Over the years I have been asked many times at pony club lessons to “check your girth”. I was told that my girth was too loose and needed to be tightened. This would often be followed by an instructor hiking up the girth on my horse. I once heard an instructor reference a members horses girth was so loose “you can fit sandwiches in there”. Learning about horses at a young age, you will always look to your instructor and professional for guidance and help. So naturally I always assumed that a girth have to “very tight” in order to be secure in my saddle. I completed my undergraduate dissertation in the field of girthing and was enlightened by what research was out there.

It can be said that there is not a lot of attention given to the girth. That often saddle fit would be focused on  and girthing to be over looked. Even with the vast array of girth available on the market, there isn’t many studies on girth design. One study looked at the Fairfax girth compared to dressage girths (Murray et al., 2013) and found that the Fairfax girth greatly improved the horses way of going. The issue I have with this study is that girth tension was not controlled. The girths were all tightened to “the tension that the rider normally used” which could lead to one horse having an over tightened girth and another having a looser one. I investigated the effect of girth design in horses, which included the Fairfax girth. I used six riding school horses, who were all ridden with their normal girth, a gel girth, the Fairfax girth and a leather stud girth. The girths were all tightened to 13kg as this was proved to be the average tightness. The results of the study found that none of the girths gave a significant improvement of the horses way of going. Looking to the numbers alone, the gel girth showed improvement.

Girth tightness has proven to be very important. Over tightening of the girth has been shown to decline a horses performance, and should not be ignored. In a study investigating girth tension and the effect on racehorses (Bowers & Slocombe, 1999) showed that the increase in girth tension had a negative effect on the racehorses run to fatigue time.  The horses had girth tensions set to 5, 10, 15 and 20kg. All horses showed a reduced run to fatigue time and distance when the girth tension increased over 5kg. It was found that every increase by 1 kg in girth tension was associated with a reduction in distance to fatigue by 98.3 m ± 28.6m and a corresponding reduction in run times of 0.24 ± 0.07 min. In a survey conducted by the researchers, found that the average girth tightness was 13kg.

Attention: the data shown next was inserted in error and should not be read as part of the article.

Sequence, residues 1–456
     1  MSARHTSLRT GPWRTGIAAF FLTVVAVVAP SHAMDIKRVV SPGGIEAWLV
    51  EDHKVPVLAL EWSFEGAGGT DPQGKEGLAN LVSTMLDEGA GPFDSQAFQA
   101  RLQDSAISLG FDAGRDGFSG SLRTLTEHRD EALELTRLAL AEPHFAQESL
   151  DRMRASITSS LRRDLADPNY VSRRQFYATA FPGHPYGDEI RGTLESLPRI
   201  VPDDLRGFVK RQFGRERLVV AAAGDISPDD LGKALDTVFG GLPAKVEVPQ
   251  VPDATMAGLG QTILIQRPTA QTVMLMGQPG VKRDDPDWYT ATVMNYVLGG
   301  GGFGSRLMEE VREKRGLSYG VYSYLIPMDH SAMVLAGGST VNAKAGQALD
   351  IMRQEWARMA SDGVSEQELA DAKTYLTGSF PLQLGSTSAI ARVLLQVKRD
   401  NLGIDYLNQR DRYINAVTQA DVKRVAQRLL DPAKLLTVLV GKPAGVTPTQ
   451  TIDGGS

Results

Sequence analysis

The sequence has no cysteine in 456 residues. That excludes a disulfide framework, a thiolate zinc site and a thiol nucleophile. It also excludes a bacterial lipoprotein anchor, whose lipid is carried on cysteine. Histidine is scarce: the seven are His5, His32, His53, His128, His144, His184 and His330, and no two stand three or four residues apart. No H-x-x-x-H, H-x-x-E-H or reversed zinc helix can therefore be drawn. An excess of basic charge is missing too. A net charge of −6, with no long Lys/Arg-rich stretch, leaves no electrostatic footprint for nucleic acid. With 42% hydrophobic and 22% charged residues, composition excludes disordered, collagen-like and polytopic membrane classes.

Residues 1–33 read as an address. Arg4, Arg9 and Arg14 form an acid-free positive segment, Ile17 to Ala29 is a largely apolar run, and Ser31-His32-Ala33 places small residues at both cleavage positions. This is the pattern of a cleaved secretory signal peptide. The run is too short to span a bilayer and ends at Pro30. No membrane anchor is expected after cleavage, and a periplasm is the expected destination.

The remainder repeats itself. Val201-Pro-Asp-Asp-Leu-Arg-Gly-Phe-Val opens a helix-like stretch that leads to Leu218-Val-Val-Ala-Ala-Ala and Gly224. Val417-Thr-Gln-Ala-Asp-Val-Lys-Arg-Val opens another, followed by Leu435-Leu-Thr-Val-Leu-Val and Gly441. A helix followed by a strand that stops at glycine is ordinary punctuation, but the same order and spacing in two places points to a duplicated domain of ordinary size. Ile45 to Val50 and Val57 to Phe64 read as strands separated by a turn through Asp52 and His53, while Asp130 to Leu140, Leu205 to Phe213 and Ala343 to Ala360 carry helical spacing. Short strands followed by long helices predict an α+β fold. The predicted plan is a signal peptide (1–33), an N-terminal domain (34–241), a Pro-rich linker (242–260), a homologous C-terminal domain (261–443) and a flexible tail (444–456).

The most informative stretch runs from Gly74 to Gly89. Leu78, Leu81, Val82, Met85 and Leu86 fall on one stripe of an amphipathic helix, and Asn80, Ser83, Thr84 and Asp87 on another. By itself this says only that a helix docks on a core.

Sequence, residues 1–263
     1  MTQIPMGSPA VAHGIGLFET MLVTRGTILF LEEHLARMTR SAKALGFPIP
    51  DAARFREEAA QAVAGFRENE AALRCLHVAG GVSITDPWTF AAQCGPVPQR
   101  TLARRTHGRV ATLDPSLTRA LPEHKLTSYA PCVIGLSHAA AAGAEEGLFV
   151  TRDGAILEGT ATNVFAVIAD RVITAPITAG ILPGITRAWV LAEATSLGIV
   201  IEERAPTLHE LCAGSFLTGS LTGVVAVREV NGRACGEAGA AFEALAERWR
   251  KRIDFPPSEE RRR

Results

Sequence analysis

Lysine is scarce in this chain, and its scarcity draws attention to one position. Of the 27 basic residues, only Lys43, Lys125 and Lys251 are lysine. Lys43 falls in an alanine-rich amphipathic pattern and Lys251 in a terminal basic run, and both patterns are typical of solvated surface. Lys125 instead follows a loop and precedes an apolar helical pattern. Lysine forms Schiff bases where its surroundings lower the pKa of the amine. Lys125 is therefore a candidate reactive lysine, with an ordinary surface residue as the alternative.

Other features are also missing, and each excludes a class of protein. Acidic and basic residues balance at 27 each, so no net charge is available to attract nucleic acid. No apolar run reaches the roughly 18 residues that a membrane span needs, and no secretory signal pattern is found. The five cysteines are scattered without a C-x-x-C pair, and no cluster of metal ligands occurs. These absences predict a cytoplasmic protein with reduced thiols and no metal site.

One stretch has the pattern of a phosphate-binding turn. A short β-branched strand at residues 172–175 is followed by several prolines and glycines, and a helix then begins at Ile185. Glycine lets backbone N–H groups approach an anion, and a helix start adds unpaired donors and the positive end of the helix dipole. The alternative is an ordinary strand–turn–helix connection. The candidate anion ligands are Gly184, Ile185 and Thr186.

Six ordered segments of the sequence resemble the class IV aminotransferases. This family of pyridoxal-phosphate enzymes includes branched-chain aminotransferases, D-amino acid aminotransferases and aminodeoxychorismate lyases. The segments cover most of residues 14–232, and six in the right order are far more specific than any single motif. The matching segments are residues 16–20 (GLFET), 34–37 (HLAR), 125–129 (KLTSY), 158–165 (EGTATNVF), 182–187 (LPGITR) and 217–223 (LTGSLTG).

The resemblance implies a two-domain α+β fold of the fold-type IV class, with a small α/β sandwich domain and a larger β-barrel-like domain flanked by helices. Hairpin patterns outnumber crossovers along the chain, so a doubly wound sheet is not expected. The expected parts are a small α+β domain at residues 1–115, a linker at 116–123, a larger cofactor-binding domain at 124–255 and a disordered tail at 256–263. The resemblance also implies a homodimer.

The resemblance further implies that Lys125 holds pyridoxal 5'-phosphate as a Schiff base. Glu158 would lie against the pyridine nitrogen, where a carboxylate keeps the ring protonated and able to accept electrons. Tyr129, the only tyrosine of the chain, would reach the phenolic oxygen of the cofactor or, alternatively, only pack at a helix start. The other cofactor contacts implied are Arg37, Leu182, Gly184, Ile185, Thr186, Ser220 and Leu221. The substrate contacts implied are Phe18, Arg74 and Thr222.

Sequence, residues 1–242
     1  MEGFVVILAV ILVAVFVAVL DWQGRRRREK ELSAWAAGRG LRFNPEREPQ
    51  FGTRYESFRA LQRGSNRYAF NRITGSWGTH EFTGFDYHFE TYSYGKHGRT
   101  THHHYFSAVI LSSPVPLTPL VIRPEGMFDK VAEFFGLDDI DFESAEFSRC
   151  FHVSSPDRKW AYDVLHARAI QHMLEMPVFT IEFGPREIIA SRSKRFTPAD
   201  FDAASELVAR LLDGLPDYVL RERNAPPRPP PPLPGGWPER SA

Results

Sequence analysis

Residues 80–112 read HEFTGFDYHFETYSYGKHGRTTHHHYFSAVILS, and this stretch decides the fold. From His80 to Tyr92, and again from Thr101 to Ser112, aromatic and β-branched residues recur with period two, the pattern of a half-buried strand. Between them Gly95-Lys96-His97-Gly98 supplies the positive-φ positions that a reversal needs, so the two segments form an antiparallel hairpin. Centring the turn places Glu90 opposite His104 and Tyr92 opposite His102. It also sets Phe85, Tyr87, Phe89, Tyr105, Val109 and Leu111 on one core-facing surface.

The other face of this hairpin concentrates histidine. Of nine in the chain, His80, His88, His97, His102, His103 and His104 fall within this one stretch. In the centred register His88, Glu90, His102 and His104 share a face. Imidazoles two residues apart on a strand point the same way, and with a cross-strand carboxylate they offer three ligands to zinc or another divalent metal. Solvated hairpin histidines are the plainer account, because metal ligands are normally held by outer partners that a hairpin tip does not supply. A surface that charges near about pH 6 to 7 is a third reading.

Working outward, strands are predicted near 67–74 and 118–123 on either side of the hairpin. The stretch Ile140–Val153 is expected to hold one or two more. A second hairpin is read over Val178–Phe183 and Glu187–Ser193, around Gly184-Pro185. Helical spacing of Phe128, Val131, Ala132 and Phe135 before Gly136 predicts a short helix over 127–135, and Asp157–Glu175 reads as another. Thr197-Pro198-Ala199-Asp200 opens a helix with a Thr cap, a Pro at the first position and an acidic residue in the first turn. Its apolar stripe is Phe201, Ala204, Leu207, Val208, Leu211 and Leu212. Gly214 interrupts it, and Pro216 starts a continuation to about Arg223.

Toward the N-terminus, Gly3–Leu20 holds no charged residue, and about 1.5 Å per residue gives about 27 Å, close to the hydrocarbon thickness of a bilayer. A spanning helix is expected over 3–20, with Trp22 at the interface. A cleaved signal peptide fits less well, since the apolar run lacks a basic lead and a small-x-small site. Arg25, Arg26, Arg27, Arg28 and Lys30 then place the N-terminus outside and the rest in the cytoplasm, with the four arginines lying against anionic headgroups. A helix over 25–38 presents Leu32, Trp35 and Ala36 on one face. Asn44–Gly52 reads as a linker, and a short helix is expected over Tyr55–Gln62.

Girth material was also investigated in relation to tightness (Bowers & Slocombe, 2005) The study looked at different racing girths and the effect on the horses at different tightness (6,12 and 18kg). They had fully elastic girths, part elastic part canvas and fully canvas girths ( five girths in total). It was found that two of the elastic girths were shown to produce significantly longer run to fatigue times compared to the canvas girths. The girth tension at 6 and 12kg showed significantly longer run to fatigue times compared to the 18kg girth tension. It is from this that you can conclude elastic girth material and tension have a significant impact on horses way of going.

So why does the horses performance reduce with the canvas material and increased girth tension? As the thorax of the horse expands with exercise, tension increases in the girth and more elastic materials develop less tension. It was also found in another study (Wright, 2010 ) that actual girth tension increased significantly between all gaits at exercise. So when you apply an intended girth tension it will increase during exercise. The restriction of the muscles in the girth area (pectoral muscles) will have an effect on the movement of the front legs. This in turn will reduce stride length, which has an effect on the ventilation system of the horse. When a horse canters or gallops the lungs are filled and emptied by the use of the visceral piston.  If the stride length of the horse is shortened this will have a direct impact on its breathing and ability to take in oxygen (Gavin, 2008).

So next time you are tightening your girth, think about how how much your are tightening it. It could impede your horses performance and comfort. Look to more elastic based girthing materials if you are purchasing a new girth for your horse.


Bowers, J. and Slocombe, R. (1999) “Influence of girth strap tensions on athletic thoroughbred horses“, Australian Veterinary Journal, 56-57

BOWERS, J. and SLOCOMBE, R.F. (2005) “Comparison of girth materials, girth tensions and their effects on performance in racehorses,” Australian Veterinary Journal, 83(1-2), pp. 68–74.

Gavin. A, (2008) “Girthing”, All English Tack, Hastilow Competition Saddles USA.

Murray, R. et al. (2013) “Girth pressure measurements reveal high peak pressures that can be avoided using an alternative girth design that also results in increased limb protraction and flexion in the swing phase,” The Veterinary Journal, 198(1), pp. 92–97.

Wright, S. (2010) “Girth tensions and their variability while standing and during exercise,” Comparative Exercise Physiology, 7(03), pp. 141–148.

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